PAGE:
I've been describing the guts that power smartphones and tablets, including these major components:
Image courtesy Samsung Semiconductor
There is still one critical component that provides basic functionality on smart (and even not so smart) phones. That is the NAND flash memory that provides storage for your files even when the phone's battery goes dead.
Thinking back to comp sci 101, a computing platform needs a processing unit, memory to hold information during computation, and file storage along with input/output mechanisms. For the smartphone, the NAND flash memory completes the machine side of the processor-memory-storage trilogy.
The core of the non-volatile storage for mobile computers is NAND flash. The basic idea of all flash memory is that a charge can be stored on an extra gate inside a structure very similar to a typical MOS transistor. This extra gate is known as a floating gate since it is not accessed by direct contact to wiring. Instead, the device allows electrons to be stored on it during programming or removed from it during erase. The charge on this floating gate changes the transistor operation (threshold voltage shift), and voila, you have a non-volatile memory site.
During normal (just to avoid any messy device physics) conditions, the charges stay put since the floating gate is isolated on all sides by insulating materials. The floating gate cell doesn't require power flowing to the chip to keep the memory contents intact.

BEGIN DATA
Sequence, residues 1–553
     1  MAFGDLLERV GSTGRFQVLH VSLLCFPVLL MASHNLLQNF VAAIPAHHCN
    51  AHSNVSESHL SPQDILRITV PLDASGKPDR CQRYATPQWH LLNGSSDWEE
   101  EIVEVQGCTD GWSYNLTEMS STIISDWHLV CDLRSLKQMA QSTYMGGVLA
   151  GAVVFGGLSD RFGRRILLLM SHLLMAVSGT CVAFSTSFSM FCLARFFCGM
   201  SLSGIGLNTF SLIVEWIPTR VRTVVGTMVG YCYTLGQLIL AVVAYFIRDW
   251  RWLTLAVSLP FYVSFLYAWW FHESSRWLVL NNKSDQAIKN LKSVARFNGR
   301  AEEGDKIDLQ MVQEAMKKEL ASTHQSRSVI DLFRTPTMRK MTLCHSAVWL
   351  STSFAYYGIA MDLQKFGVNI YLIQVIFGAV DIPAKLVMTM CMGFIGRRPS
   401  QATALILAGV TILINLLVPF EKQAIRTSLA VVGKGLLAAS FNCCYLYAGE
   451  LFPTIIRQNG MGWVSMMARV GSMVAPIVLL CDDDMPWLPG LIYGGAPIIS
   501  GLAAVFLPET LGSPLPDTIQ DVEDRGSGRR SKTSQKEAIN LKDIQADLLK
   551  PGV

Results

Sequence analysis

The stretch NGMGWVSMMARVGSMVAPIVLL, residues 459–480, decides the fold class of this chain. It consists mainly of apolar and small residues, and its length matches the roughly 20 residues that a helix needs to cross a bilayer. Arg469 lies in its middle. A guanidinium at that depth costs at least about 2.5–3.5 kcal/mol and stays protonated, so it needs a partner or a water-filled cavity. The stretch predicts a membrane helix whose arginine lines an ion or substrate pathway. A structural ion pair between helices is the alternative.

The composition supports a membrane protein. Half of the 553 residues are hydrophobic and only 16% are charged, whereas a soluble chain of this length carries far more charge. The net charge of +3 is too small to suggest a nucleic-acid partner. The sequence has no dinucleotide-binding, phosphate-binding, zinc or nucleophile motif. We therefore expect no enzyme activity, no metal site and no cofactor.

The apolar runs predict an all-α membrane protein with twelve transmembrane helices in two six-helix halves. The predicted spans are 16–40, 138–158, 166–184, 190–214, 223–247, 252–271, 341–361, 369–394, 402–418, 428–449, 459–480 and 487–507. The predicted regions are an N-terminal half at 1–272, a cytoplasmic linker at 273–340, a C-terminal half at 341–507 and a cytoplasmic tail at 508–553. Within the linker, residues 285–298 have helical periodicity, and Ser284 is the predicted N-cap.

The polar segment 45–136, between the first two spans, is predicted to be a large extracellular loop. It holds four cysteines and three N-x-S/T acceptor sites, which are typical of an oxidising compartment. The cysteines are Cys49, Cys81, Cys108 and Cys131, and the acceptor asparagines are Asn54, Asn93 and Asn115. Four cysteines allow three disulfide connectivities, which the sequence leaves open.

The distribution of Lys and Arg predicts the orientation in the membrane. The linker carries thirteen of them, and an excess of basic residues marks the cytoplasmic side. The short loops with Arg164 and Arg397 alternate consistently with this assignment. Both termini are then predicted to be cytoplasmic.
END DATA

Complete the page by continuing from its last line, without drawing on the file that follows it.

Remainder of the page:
But there are myriad other factors that creep in (ahh yes, the rest is just engineering the physicist claims) when you want the device to be useful in the real world. Although the tried and true floating gate flash cell is very reliable in terms of the volatility (nothing maintains its state forever ) and the durability (number of times it can be written to), statistics dictates that there will be a range of actual conditions across a chip (billions of memory cells on these) and these will change over a number of erase-write cycles.
To ensure consistent and useful operation of NAND flash, some intelligence is required to keep the maximum number of cells in an operational range. Any time data is written to the device, complex algorithms and controls prevent the statistical spread of individual memory cell performance from widening. This is known as wear leveling.
To attract the widest market, flash manufacturers usually include a small microcontroller to handle the overhead of device reliability programming. The system is very much like the standard “memory stick” used to swap files between computers or the SD card in your camera. Your computer operating system is not burdened by these things, and the same is true of the smartphone.
The only difference is the physical configuration. The embedded flash with controller in most mobile devices today is an assembly of multiple chips within a single IC package. There are often as many as four flash memory chips stacked together with the microcontroller. The industry consortium known as the Multimedia Card Association calls it e-MMC™.
The statistical variation between sites and the changes over time is a complicated process to handle. The microcontroller must apply error correction codes (ECC) to enable bits on the memory that would otherwise be marked as unusable. Without ECC , the raw values coming out of memory cells cause far too many bad sites to be detected by the system. Internal correction keeps the memory chip useful with the nominal number of gigabytes specified by the manufacturer.
Even the memory needs to have a brain, and the e-MMC™ in your tablet or smartphone depends on having its own internal microcontroller to keep your operating system (and the manufacturers who buy these e-MMC devices by the millions) happy.